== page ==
Assembly Approves Immigration Bill

November 4, 2005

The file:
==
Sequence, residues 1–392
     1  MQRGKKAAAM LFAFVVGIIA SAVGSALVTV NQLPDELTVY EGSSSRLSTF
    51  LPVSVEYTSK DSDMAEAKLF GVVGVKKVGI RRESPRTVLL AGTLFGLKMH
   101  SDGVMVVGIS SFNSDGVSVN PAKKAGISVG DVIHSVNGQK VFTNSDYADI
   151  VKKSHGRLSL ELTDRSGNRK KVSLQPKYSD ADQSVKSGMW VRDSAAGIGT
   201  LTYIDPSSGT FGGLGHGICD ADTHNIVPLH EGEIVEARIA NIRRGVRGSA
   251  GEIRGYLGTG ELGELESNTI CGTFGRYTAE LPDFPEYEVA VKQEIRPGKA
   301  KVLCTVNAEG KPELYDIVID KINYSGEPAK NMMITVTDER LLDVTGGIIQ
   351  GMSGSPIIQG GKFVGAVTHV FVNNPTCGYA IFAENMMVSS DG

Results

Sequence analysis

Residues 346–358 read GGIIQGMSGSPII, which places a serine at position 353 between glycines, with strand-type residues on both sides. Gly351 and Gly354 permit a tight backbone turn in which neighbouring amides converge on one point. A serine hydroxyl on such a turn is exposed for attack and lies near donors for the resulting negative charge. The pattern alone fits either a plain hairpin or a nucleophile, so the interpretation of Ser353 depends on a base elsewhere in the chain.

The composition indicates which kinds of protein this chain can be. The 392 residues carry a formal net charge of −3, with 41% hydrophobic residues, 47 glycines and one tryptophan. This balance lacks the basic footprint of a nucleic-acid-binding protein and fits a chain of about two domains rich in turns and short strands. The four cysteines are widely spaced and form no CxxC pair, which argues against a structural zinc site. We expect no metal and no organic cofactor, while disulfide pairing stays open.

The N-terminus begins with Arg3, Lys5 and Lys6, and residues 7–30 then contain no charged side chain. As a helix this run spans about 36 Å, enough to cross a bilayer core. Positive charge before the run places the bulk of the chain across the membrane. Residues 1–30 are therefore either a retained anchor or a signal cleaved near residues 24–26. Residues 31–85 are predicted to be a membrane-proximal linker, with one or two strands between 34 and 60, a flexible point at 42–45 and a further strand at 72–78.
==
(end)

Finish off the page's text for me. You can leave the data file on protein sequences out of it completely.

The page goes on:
LEGISLATORS passed a controversialnew law last week that updates CostaRica’s outdated immigration codes andattempts to address the country’s growingimmigrant population.The law allows police greater freedomin their attempts to discover andremove illegal immigrants, and punishesemployees who hire undocumentedworkers (TT, Aug. 26). It also givesundocumented immigrants eight monthsto become legal or face deportation, andgrants migratory police the power toenter any business at any time anddemand to see employees’ documentation.While supporters say the law willalleviate the strain the illegal immigrantpopulation puts on the country’s alreadyburdened health care and education systems,opponents decry the law’s severityand potential for abuse of authority. Anestimated 200,000 illegal immigrants livein Costa Rica; 150,000 are Nicaraguan.President Abel Pacheco said hewould not veto the law, in response to asuggestion he do so by presidential candidateand former President Oscar Arias.“This is a law that has been widelydiscussed… and was rejected by only fivelegislators,” Pacheco said.National Liberation Party (PLN) legislatorLuis Ramírez voted to pass the bill.“(Now), there are a lot of little gatesfor undocumented foreigners to enterthrough without control,” he told wire serviceACAN-EFE.But human rights, religious and academicgroups are alarmed at what they sayis a hard-line approach to immigrationthat fails to guarantee the right of dueprocess and protection for refugees.“You can’t make a law for immigrantsthat is repressive, because many ofthose who immigrated have, come to provideriches for this country,” Citizen ActionParty (PAC) legislator Gerardo Vargas, whovoted against the bill, said in a statement.The bill does not increase the $600monthly income requirement for retireesseeking residency here under the pensionadoscategory, as was originally proposed.Foreigners will also still be allowed toapply for residency as rentistas, proving amonthly income of $1,000.

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